Superfast Fibre BroadbandThe Big Build

Superfast fibre is lighting up the UK

Our network upgrade is one of the biggest and fastest in the world. More than 19 million homes and businesses already have access to superfast broadband. We have rolled out superfast fibre to around two-thirds of UK premises. And working alongside the UK government we're hoping that 90 per cent of Britain will have access to superfast fibre broadband in the next few years. So what's involved in getting the country connected and why does it take up to a year to get an area ready for fibre? Find out below...

How is it being rolled out?

Unfortunately, it's just not feasible to replace the entire copper network with fibre – we'd have to dig up the entire country. So we have two approaches:

1

Fibre to the Cabinet (FTTC)

A part-fibre, part-copper solution, capable of delivering download speeds of up to 80Mbit/s and upload speeds of up to 20Mbit/s. With FTTC, we overlay fibre on the copper infrastructure running from an exchange to cabinets in the street. Copper will still be the final link (i.e. from the cabinet to your home or business).

2

Fibre to the Premises (FTTP)

A pure fibre solution, capable of delivering download speeds of up to 300Mbit/s and upload speeds of up to 30Mbit/s. If that's not fast enough for you, there's a 1Gbit/s already being tested. As the name implies, FTTP uses fibre all the way from the exchange to individual premises, usually delivered using underground cables.

See the power of fibre

What's so great about fibre?

The network that delivers today's phones and broadband is an all-copper infrastructure. But that means the further from the exchange you are, the slower your broadband speed.

Fibre is different. A single fibre is capable of carrying much more information than copper, and doing so in a far shorter space of time. Compared to copper, fibre is:

  • inherently more reliable
  • longer lasting
  • able to carry more data over long distances
  • resistant to electromagnetic interference
  • immune to corrosion
  • secure and immune to crosstalk
  • easier to handle and install.

The key stages from planning to go live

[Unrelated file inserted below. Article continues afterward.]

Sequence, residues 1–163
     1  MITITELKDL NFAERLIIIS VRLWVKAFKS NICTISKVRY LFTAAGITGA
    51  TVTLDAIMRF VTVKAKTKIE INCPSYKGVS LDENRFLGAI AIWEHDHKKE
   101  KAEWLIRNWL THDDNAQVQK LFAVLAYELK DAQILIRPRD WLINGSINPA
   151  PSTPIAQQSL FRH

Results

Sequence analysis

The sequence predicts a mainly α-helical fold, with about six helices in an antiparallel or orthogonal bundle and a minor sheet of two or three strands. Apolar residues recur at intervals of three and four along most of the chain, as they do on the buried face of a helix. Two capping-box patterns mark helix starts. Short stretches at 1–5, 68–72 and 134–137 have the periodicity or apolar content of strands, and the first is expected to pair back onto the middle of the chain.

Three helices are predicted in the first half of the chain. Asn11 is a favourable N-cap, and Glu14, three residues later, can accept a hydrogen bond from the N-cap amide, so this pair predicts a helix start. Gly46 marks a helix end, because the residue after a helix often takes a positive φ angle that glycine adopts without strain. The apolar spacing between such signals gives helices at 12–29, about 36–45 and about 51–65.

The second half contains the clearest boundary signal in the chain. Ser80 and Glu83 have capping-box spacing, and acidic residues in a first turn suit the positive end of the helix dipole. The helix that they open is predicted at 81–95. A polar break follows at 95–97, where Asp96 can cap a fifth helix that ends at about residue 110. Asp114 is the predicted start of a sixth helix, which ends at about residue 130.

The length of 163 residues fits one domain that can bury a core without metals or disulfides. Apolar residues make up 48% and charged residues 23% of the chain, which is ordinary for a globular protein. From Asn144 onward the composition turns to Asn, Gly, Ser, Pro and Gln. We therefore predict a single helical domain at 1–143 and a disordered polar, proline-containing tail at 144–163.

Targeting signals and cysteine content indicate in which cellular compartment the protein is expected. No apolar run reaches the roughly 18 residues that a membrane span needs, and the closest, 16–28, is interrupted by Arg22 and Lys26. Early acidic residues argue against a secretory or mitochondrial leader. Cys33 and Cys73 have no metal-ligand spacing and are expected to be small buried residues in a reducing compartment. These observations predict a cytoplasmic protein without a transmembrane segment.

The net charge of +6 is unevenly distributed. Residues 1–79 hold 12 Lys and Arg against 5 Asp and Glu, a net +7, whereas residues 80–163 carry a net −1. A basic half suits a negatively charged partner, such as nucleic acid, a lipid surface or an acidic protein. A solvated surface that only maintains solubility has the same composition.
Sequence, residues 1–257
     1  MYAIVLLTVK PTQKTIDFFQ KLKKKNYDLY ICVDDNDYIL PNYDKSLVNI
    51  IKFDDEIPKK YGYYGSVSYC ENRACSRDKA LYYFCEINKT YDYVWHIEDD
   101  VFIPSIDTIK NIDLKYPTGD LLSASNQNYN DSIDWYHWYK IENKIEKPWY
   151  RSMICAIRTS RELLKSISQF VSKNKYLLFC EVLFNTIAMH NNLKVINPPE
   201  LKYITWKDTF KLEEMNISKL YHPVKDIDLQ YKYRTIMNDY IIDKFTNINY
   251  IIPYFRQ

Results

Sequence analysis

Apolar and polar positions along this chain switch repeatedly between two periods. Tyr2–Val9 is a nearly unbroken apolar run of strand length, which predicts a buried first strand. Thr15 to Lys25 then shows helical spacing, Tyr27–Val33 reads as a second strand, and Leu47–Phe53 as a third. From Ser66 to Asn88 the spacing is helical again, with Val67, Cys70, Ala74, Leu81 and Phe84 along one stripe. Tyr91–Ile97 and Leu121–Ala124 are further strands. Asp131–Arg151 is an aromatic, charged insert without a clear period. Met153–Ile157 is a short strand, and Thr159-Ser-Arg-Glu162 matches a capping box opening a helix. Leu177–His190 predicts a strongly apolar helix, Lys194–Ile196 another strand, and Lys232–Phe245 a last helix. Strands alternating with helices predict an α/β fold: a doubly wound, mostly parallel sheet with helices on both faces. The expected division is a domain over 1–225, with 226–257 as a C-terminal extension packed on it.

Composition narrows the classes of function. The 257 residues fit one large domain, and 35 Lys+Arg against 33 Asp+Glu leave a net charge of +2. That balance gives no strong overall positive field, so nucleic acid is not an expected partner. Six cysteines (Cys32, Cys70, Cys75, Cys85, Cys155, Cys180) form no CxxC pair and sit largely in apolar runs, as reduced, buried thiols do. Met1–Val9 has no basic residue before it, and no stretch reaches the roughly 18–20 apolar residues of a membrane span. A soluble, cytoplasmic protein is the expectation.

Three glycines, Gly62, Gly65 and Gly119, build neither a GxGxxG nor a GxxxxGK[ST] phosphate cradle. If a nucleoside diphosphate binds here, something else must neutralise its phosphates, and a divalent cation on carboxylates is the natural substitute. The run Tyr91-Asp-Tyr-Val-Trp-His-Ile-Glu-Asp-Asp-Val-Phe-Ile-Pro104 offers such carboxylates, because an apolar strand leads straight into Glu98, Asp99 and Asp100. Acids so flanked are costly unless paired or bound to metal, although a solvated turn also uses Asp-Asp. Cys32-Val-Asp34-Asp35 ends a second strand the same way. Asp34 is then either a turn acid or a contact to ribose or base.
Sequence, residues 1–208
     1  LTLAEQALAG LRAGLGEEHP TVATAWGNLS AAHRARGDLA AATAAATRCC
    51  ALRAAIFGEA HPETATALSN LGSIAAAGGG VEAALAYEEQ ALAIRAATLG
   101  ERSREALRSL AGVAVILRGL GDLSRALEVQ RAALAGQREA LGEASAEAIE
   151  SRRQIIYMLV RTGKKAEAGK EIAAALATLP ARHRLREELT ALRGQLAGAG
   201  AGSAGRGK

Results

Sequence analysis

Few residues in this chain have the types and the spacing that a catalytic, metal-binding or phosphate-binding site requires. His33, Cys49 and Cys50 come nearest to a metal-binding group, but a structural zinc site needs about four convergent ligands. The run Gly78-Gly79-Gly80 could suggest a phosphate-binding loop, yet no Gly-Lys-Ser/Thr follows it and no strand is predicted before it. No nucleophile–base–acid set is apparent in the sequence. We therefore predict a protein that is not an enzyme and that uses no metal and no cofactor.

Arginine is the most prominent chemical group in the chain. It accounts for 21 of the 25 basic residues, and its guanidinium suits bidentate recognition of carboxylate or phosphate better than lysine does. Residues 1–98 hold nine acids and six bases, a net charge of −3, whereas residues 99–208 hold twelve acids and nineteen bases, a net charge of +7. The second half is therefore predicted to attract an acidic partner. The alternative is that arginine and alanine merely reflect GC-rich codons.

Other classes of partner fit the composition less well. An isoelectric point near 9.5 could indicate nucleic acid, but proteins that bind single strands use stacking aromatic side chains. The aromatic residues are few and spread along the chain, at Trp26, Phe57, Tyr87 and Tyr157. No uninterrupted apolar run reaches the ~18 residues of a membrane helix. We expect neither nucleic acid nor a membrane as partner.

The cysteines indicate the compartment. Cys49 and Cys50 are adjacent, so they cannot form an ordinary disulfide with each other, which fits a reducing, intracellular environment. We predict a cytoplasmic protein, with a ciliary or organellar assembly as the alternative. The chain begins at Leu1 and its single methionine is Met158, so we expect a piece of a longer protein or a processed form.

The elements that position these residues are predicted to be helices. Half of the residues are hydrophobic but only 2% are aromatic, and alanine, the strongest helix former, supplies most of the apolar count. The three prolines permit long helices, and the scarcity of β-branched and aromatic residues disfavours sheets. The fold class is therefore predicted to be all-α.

From the moment you see your exchange appear on the rollout plans, it could be up to 15 months before it's ready to supply superfast fibre broadband. Why? Well, here's what we have to do...

Pre Planning

The most important thing is to know what the current picture is like in an exchange area. So we do a full assessment of the existing network infrastructure to provide accurate, up-to-date information for engineers.

Months 1-9: Preparing the exchange

We then agree and plan where the new equipment goes. As every exchange is different, we may have to create bespoke equipment. Once ordered and built, we install everything and upgrade the power facilities.

Months 3-9: Planning the network

While we're upgrading the exchange, we survey the area and draw up a plan for where the fibre, new ducts and street cabinets go. This often involves consultation with local councils to comply with local planning regulations.

Months 10-15: Installation

The final stage is building from the exchange to the new street cabinets. When the first 10 cabinets are ready, we'll let our customers know and they can start to offer superfast fibre broadband services.


Our fibre broadband rollout is one of the fastest in the world

We're currently upgrading 2,000-3,000 cabinets a quarter and connecting between 70-100,000 premises with fibre every week.

But it's not easy. The local access network covers 30 million customers and 8 million broadband lines from approximately 5,500 local exchanges. 300 million telephone calls and 350 million internet connections are made across this network every day.

We have to lay 3 million km of fibre across the UK and install 50,000 new cabinets serving 3 million distribution points.

When can I get it?

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Find out if exchanges near you have fibre - or when we currently anticipate that they'll get it

Do you need planning permission for a new cabinet?

Find out the answer to this, and other frequently asked questions here >